I fell in love with Natalie Clein. Warm, unegotistical yet engaging, she spoke to the audience in the same vein as a simple remark attributed to her in the program, “The music is more important than me.” And her playing is just the same, unegotistical but always engaging.
She opened the program with Vaughan Williams’ Six studies in English Folksong, where she identified with the relaxed yet loving approach to England these pieces display. Lyrical without sentimentality, they allowed space for the relaxed side of her very special tone, which has so much “colour”, that is to say, strong harmonics, in its sound. Then she played Bloch’s three pieces, From Jewish Life, where the plangent possibilities in this tone emerged, like a flower opening, and she sounded at times like Rostropovich. These pieces can sound emotionally self-indulgent, but Clein’s rendering, though lacking nothing in emotional appeal, engaged the audience’s hearts without drowning them in tears. She got the jokes which go cheek by jowl with sorrow in these pieces, and this occasional playfulness rescued the music from anything maudlin.
Up until now Katya Apekisheva’s contribution had been very much an accompaniment; beautiful, tactful, supportive, but definitely secondary. That changed completely with the next piece, which was the big eye-opener for me in the program. Rebecca Clarke’s viola sonata is a masterpiece. Written in 1919, when she was 23, and anonymously submitted to a competition whose judges refused to believe that it was written by a woman (don’t get me started; we still refuse to believe, for example, that Anna Magdalena Bach wrote the cello suites attributed to her husband) this work is apparently well known only to viola players. Clarke suggested that it could be played on the cello, and hearing Apekisheva and Clein paint the sonorous landscape of this vast canvas it was hard for me to imagine that a viola could have done it justice. (But of course that is only because I haven’t heard it on viola.) Virtuosic for both players, in a musical language thoroughly of its time, based on that of Bloch but with splashes of Ravel and Debussy, its cascades of chromatic scales over dominant ninth chords raced by in great waterfalls of sound, only to subside into moments of great tenderness.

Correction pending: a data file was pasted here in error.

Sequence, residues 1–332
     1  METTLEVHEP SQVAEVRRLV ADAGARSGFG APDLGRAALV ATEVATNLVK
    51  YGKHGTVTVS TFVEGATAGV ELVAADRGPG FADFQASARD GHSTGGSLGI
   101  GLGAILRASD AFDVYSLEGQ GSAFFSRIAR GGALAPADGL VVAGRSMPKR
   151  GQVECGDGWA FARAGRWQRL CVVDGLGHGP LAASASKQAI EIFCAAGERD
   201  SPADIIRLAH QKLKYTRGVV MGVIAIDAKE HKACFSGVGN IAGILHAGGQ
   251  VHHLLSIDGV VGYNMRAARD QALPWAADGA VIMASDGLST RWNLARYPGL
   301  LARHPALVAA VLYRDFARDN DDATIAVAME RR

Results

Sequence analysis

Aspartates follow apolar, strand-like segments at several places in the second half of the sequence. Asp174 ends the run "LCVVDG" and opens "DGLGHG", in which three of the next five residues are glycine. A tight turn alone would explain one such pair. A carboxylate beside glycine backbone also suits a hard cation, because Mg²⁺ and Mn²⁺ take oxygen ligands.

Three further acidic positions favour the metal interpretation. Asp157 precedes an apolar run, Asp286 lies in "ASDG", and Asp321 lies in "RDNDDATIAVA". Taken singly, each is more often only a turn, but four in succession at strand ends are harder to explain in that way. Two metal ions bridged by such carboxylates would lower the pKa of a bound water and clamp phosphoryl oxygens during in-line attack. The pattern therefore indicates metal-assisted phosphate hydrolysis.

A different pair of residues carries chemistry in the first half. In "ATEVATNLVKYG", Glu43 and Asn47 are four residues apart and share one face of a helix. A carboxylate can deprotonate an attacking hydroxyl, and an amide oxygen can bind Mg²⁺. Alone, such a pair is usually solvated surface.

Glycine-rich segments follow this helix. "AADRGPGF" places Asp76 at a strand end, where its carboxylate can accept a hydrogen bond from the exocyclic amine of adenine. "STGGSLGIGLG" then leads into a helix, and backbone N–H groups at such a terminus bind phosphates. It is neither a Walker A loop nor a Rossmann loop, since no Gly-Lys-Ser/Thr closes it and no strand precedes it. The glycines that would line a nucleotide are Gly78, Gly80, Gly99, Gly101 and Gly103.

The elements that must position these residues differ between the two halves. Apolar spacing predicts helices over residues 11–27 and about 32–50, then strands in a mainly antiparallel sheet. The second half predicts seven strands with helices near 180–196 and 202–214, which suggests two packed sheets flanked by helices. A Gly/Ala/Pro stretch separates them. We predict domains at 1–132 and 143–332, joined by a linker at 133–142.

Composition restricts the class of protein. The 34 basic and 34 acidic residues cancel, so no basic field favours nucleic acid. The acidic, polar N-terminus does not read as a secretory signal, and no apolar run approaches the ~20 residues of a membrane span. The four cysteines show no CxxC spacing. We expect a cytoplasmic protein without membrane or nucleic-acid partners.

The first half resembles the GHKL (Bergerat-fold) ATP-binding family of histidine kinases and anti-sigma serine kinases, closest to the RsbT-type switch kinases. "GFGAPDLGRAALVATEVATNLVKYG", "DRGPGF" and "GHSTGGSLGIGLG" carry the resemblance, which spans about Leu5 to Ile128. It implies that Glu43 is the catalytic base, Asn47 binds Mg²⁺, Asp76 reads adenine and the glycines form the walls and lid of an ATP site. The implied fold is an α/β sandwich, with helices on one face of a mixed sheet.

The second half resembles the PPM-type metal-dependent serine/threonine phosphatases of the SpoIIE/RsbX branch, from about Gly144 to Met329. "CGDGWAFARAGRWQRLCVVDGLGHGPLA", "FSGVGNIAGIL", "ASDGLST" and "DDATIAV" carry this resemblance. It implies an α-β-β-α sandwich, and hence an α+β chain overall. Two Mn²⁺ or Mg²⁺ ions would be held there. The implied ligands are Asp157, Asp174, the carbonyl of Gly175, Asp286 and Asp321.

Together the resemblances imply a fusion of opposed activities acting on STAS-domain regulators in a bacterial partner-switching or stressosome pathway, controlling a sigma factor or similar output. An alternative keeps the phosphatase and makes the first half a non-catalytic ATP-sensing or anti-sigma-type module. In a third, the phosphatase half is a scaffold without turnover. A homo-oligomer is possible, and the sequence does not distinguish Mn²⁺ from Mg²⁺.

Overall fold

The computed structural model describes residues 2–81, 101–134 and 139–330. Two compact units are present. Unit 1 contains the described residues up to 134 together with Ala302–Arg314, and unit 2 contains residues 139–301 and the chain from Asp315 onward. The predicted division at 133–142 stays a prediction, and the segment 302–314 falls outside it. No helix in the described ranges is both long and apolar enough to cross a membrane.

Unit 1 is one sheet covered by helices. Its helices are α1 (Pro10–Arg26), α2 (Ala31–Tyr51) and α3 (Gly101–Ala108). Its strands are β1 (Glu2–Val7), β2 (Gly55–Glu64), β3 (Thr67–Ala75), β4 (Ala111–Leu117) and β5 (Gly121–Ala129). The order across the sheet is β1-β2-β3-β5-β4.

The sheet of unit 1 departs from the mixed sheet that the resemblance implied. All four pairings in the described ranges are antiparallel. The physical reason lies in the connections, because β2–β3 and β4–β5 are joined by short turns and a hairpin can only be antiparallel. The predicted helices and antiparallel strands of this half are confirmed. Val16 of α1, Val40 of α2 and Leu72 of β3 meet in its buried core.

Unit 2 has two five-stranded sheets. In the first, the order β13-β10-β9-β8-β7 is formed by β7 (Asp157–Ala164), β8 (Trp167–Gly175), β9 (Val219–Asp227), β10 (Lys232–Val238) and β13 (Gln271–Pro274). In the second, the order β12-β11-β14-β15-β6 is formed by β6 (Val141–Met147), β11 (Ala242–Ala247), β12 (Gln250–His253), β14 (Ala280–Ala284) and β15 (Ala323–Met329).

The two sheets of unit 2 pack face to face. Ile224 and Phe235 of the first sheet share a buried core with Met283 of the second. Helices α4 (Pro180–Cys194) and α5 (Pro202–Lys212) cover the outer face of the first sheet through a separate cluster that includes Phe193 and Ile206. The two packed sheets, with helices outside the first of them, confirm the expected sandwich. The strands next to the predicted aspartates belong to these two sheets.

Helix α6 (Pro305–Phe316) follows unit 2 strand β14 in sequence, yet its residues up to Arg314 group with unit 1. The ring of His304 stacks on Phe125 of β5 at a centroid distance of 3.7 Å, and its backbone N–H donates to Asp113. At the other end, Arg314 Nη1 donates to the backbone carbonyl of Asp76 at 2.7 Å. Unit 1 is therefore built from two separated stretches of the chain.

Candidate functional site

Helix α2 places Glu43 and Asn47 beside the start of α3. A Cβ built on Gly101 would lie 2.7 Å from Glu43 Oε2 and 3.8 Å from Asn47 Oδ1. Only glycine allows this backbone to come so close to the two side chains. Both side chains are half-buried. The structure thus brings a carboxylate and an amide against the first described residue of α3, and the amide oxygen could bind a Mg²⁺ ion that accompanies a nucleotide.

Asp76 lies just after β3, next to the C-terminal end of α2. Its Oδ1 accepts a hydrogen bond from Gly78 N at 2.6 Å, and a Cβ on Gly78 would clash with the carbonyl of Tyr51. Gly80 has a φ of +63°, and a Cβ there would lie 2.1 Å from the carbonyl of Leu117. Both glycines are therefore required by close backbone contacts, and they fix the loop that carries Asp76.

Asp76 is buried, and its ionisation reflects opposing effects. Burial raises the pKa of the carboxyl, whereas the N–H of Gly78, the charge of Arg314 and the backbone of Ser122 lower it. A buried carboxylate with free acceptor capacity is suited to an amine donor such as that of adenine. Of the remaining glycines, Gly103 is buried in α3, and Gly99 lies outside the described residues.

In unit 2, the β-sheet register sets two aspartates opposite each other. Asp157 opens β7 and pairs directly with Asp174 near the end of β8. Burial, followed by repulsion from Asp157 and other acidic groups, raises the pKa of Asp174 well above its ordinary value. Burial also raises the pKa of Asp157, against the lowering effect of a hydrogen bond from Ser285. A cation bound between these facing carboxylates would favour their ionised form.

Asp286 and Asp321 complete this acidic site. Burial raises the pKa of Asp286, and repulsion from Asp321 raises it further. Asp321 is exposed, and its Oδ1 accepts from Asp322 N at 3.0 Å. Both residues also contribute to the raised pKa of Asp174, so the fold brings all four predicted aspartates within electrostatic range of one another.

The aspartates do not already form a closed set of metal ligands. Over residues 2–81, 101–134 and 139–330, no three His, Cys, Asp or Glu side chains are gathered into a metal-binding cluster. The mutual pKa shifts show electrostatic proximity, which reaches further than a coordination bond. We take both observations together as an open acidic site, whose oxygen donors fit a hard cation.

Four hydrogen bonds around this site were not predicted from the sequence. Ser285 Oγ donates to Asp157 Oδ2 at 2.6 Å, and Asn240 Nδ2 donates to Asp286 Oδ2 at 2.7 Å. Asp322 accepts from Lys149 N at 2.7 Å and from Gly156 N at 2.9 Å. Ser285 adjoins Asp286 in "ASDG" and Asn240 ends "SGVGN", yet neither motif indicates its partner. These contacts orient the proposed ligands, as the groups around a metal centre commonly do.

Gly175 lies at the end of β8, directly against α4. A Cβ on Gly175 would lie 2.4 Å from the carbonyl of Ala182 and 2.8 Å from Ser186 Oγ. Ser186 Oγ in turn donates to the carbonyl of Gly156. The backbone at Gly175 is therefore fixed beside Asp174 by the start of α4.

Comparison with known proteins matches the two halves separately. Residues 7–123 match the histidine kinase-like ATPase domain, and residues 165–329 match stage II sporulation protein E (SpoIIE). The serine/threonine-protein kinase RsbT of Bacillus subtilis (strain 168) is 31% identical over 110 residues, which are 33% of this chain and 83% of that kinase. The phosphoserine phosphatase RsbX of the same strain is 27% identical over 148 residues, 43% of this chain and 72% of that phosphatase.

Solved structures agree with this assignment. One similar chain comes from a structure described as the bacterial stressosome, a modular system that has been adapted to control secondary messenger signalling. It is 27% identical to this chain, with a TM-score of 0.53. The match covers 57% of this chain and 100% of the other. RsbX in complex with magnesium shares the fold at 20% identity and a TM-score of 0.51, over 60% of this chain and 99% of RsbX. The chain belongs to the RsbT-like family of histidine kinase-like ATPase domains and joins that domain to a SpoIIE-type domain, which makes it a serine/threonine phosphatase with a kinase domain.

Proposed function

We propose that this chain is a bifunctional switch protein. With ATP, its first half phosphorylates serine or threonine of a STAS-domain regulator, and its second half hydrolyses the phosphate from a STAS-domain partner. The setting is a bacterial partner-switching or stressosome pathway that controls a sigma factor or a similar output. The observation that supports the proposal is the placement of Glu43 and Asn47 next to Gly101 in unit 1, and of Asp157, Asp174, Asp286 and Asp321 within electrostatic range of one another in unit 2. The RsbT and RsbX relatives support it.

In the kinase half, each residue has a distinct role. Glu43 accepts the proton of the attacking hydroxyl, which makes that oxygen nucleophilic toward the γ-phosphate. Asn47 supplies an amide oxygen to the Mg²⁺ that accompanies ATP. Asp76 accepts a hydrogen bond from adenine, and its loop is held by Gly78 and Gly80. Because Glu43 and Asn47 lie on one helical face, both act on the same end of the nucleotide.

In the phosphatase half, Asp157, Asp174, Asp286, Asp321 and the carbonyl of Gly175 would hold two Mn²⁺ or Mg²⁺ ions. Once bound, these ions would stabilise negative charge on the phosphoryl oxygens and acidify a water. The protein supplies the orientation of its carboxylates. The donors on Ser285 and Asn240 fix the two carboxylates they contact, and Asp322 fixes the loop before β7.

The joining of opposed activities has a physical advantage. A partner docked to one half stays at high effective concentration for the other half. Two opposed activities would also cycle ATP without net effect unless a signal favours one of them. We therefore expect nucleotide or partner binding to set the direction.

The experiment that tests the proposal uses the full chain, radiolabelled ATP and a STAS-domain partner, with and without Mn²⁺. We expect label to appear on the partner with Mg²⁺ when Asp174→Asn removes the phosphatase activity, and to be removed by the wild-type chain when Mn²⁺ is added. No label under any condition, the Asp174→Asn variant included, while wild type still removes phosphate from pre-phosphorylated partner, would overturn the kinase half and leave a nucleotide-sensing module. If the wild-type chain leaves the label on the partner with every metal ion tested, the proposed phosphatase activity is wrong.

The program contained the premiere performance of Natalie William’s The Dreaming Land. Williams, a well-established Australian composer, was commissioned to write this piece by Musica Viva, who put together the tour by Clein and Apekisheva of which this concert was part. Described by the composer as a musical journey over the landscape of Australia, it was only in the rhythmic finale that I had any sense of travelling – the first two movements seemed transfixed in awed reverie at the imponderable vastness of this country. They reflected more the title of the work than any sense of travelling. The piece is charming, unchallenging, and played with great commitment by the performers. It is remarkable, however, that Australian composers still feel the necessity to describe this country, as though it is still, really, a foreign place to the foreign settlers, the group to which most of our composers belong.
Oh, what fun Clein had with the Beethoven sonata! The last work on the program was the C major sonata, op 102 no.1. This piece, the polar opposite of its opposite number, the D major op. 102 no.2 but having a great deal in common with the A major piano sonata, op 101 in style and form, is a little jewel among the five Beethoven cello sonatas. More like a conversation between the two instruments than any of the preceding pieces in the program, it moves mercurially between reflection, humour, and anger, no sooner establishing one mood than breaking into its opposite. The interplay between Clein and Apekisheva, who must have a wicked sense of humour, was a delight from start to finish.
I would walk miles with peas in boots to hear Natalie Clein again.
2019 Adelaide Festival
Natalie Clein and Katya Apekisheva
Musica Viva Australia
Venue: Adelaide Town Hall - Auditorium | 128 King William Street, Adelaide SA
Dates: 7 March 2019
Tickets: $98 – $40